Strategies

Policies and programs that work

22 Strategies
Clear all

Alcohol brief interventions

Provide information and increase motivation to change or prevent problematic alcohol consumption in a short session; also called alcohol screening & brief intervention
Evidence Rating:
Scientifically Supported
  • Alcohol and Drug Use

Behavioral interventions to prevent HIV and other STIs

Use individual, group, and community-level interventions to provide education, support, and training that can affect social norms about HIV and other STIs
Evidence Rating:
Scientifically Supported
  • Sexual Activity

CenteringPregnancy

Provide prenatal care in a group setting, integrating health assessment, education, and support
Evidence Rating:
Scientifically Supported
  • Access to Care

Comprehensive risk reduction sexual education

Provide information about contraception and protection against sexually transmitted infections (STIs) in classroom or community settings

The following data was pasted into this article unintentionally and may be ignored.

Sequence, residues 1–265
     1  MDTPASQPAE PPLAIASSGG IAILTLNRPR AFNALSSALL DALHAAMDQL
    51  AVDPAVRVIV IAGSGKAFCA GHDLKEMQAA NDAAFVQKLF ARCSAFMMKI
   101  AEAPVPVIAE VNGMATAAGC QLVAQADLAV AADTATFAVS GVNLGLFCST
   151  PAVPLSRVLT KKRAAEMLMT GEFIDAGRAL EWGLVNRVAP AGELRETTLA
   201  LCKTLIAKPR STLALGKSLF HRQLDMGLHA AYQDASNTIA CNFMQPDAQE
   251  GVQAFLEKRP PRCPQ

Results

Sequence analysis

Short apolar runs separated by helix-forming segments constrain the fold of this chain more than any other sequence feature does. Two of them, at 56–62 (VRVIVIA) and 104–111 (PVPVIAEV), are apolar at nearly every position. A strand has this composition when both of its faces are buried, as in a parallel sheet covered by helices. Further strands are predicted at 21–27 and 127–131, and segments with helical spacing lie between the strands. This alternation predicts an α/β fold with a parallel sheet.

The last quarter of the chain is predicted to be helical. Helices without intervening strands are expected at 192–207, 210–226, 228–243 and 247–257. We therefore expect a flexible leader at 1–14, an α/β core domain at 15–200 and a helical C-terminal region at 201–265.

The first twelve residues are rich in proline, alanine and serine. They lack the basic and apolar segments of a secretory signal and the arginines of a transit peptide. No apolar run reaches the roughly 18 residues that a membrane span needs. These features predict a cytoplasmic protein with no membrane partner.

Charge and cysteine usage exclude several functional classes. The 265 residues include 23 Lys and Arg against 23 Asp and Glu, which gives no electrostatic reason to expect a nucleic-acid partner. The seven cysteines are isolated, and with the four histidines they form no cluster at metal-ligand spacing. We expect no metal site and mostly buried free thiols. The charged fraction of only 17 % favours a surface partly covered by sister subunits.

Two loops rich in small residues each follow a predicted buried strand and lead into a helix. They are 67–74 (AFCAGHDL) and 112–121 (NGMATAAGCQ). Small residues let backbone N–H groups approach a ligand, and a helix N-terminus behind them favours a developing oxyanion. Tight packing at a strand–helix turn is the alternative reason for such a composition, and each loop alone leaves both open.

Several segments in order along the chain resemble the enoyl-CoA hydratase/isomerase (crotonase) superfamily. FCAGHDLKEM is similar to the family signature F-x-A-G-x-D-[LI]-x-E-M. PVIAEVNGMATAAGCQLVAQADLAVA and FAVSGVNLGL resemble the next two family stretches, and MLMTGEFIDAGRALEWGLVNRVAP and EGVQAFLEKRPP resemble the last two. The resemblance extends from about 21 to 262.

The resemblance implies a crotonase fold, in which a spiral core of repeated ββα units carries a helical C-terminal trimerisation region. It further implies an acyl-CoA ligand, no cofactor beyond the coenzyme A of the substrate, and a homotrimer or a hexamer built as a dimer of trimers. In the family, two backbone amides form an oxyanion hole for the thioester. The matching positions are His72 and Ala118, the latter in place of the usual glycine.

Evidence Rating:
Scientifically Supported
  • Sexual Activity

Condom availability programs

Provide condoms free of charge or at a reduced cost in community and school-based settings
Evidence Rating:
Scientifically Supported
  • Sexual Activity

Expedited partner therapy for treatable STIs

Provide prescriptions or medications to patients diagnosed with treatable STIs to give to their partners without provider visits; also called patient-delivered partner therapy (PDPT)
Evidence Rating:
Scientifically Supported
  • Sexual Activity

Federally qualified health centers (FQHCs)

Increase support for non-profit health care organizations and deliver comprehensive care to uninsured, underinsured, and vulnerable patients regardless of ability to pay; often called community health centers (CHCs)
Evidence Rating:
Scientifically Supported
  • Access to Care

Health insurance enrollment outreach & support

Provide outreach and support to assist those whose employers do not offer affordable coverage, who are self-employed, or who are unemployed
Evidence Rating:
Scientifically Supported
  • Access to Care